Time for some boogie-woogie jungle rhythm!
During his directorial stint at Lantz, Shamus Culhane often clashed with storyman Ben “Bugs” Hardaway. Culhane’s high standards in artistic education and Hardaway’s earthy, Mid-Western background made their methods of shaping animated films like night and day. Though the writing served its comic purposes, Hardaway’s abilities as a gagman impaired them. Culhane recollected his dismissive attitude towards suitable plotting and characterization. Hardaway felt that such necessities were “too scientific and technical.” To him, any gag worked, regardless of whether it advanced the story or not.
Jungle Jive opens with footage dedicated to sign gags related to the Sandwich Islands – a Hardaway trademark. Culhane wrote in Talking Animals and Other People: “During a production meeting, as he read the puns off the storyboard during a presentation, ’Bugs’ would laugh until the tears rolled down his cheeks.” Culhane would discern which puns to excise and augment the storyboard with his own gags, much to Hardaway’s chagrin. Static puns were cost-effective for the Lantz studio’s lower budgets, so the director often had to succumb to the lesser material.The clash between Culhane and Hardaway extended further into the production of this cartoon. Jungle Jive is noteworthy for containing the last recorded performance by jazz pianist Bob Zurke. In his memoir, Culhane recollected Hardaway’s disapproval over the boogie-woogie music. Evidently, during the recording, he stated, “There’s too many damn places where the music stops.” After a lengthy argument with musical director Darrell Calker and Zurke, the frustrated writer rejoined Culhane and Lantz in the recording booth. As Shamus remembers, Hardaway spoke: “That sum-bitch can’t even read no music, an’ he says that he already forgot what he just now played. What the hell did Calker git in a dumb guy like that for?” Zurke’s performance, used for the arrogant crab scuttling along the piano keys, serves as the highlight of the cartoon.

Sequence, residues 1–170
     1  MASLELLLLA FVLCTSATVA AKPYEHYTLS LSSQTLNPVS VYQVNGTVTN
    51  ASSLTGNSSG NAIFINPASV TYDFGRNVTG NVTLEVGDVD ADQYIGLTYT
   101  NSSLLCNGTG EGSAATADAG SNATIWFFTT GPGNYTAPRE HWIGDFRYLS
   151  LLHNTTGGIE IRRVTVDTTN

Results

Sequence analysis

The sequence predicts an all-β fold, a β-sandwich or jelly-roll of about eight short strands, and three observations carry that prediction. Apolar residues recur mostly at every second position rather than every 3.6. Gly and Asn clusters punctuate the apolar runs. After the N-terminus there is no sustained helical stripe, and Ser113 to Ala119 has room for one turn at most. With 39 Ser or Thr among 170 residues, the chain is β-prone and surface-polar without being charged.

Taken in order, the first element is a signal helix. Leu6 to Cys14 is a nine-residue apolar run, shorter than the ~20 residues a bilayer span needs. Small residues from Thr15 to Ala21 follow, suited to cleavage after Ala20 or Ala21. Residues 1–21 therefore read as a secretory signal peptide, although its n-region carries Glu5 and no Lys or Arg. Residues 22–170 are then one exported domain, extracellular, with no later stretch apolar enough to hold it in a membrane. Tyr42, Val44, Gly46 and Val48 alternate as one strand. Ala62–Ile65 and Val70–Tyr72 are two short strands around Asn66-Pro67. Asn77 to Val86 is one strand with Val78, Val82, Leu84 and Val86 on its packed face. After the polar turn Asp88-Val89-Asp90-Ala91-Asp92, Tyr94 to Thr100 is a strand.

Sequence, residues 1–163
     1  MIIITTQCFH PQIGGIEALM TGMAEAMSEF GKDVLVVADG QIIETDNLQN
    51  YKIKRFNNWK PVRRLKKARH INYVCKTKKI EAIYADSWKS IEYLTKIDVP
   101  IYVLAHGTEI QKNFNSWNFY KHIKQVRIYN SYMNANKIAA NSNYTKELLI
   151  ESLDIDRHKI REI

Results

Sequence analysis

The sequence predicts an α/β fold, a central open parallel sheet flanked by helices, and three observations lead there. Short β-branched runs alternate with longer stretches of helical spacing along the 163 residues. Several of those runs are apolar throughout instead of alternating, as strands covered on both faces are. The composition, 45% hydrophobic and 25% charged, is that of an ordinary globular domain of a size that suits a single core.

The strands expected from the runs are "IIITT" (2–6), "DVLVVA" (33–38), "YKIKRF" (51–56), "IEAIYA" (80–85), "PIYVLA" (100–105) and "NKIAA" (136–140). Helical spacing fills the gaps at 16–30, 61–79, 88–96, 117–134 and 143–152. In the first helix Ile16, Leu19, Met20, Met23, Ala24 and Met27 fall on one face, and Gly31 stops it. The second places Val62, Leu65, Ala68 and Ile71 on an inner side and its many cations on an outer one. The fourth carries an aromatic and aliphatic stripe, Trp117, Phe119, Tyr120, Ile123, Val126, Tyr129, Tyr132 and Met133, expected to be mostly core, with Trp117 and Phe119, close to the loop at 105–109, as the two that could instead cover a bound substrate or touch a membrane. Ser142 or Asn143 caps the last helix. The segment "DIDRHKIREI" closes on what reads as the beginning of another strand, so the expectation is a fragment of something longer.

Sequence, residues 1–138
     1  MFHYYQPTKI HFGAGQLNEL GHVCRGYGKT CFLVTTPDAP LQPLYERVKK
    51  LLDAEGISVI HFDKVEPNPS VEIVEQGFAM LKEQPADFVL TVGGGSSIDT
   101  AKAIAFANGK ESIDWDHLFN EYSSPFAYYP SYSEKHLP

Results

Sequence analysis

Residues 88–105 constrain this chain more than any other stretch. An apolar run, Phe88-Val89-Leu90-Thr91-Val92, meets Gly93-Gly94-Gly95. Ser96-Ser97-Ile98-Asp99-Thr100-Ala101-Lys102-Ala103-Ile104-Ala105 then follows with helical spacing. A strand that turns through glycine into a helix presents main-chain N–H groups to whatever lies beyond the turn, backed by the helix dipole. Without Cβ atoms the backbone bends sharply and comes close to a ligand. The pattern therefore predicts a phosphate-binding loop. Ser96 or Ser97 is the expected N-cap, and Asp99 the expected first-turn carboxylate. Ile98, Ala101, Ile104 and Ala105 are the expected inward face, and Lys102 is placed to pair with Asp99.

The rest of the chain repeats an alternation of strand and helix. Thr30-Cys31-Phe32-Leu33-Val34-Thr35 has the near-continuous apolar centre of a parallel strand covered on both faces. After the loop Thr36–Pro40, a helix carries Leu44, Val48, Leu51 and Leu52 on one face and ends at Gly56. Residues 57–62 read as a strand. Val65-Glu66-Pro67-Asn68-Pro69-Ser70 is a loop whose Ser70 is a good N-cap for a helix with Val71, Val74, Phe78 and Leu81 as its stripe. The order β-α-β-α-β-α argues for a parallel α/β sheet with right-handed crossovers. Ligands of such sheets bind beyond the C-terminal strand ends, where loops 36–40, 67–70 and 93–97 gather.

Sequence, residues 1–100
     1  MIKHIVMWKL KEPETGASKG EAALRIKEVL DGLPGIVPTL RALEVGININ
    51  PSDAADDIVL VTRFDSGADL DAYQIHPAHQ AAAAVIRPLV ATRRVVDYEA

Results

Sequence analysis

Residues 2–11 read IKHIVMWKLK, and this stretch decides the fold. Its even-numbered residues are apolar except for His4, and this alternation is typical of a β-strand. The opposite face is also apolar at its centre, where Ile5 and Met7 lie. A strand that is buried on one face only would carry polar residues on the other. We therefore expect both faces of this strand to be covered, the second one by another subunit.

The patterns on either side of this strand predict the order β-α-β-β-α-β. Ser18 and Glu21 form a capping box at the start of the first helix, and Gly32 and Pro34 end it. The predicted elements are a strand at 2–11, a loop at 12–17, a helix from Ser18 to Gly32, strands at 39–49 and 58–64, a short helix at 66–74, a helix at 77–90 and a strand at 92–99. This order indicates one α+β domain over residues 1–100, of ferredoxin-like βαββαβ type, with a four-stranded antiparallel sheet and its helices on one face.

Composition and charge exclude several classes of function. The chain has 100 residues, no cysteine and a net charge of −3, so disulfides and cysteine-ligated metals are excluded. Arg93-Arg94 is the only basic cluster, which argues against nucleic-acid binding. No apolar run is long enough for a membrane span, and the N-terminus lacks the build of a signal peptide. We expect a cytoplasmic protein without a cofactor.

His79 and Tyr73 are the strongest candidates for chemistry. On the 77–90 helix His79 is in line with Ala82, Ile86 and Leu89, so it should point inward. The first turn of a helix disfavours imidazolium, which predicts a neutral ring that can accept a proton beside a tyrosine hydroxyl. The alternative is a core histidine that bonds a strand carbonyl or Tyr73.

The animation in most of this cartoon isn’t particularly striking. The majority of it is assigned to Les Kline and Paul Smith. Their animation is straightforward, without the strengths that the other animators demonstrate in this cartoon. Pat Matthews’ scene 18 adds a nice touch, when the curious native quickly recoils his hand away from the tuning peg. Scene 42, with the crab on the piano, showcases a Matthews earmark: he often animated a character’s surprised reaction by popping from one pose to another, without in-betweens. Emery Hawkins’ animation of the crab exerting himself to exhaustion in scene 52 (with some neat dry-brush smears) is wonderfully timed to the music.
It’s fascinating to see Don Williams’ animation in the last two shots of the cartoon, since he wasn’t given any other footage. Scene 62, with the native tumbling and crashing through the instruments, has brilliant drawings and subtle nuances that can only be appreciated if the viewer freeze-frames them. Since the scene plays very quickly, here’s a clip of this sequence, slowed down for you to see:
As with the other Lantz documents, some scene numbers are missing from the draft. Different shots listed are re-shuffled; for instance, shot 17 occurs after shot 11 in the cartoon. In the draft, it indicates that the native lookout alerts the villagers before the box, carrying musical instruments, crashes onto the shore. Scene 38 is missing an animator credit, but judging from the drawing/timing of the crab, the animation is attributed to Emery Hawkins. (Likewise for shot 60A, now attributed to Paul Smith.) Shot 54 in the draft implies a fish was originally involved, replaced with an alligator later on.
Besides Hardaway’s sign gags being used as “footage eaters,” other cost-cutting measures used in Jungle Jive. Shot 17A, originally intended for Paul Smith, is instead a static shot. Since it cuts right to the curious native observing a violin, Smith presumably might’ve been assigned to animate the villagers eagerly dashing up to the instruments. There are many instances of re-used animation near the end of the cartoon — the boomerang tossing native (scs. 6 and 60), the boogie-woogie native playing the piano (scs. 45 and 47; 49 and 52), the orchestra (scs. 53 and 55) and the “jitterbug dames” seen in the opening titles (scs. 56 and 58).
Enjoy this week’s breakdown video! I won’t have a breakdown for next week – there are personal matters that need sorted out at the moment. Plus, I wouldn’t want to burn out, after all. I will be back the following week — so don’t despair.
NOTE: The light writing on the draft below makes a few scene descriptions hard to read, so I’ve listed the more faded ones here:
Sc. 11: “C.U. Box”
Sc. 28: “Boy looking at piano”
Sc. 29: “Boy sees crab”
Sc. 30: “Crab spits at boy”
Sc. 55: “Orchestra plays again”
Sc. 56: “Jitterbug dames”
Sc. 57: “Bass break”
Sc. 58: “Jitterbug dames”
(Thanks to Mark Kausler for his help.)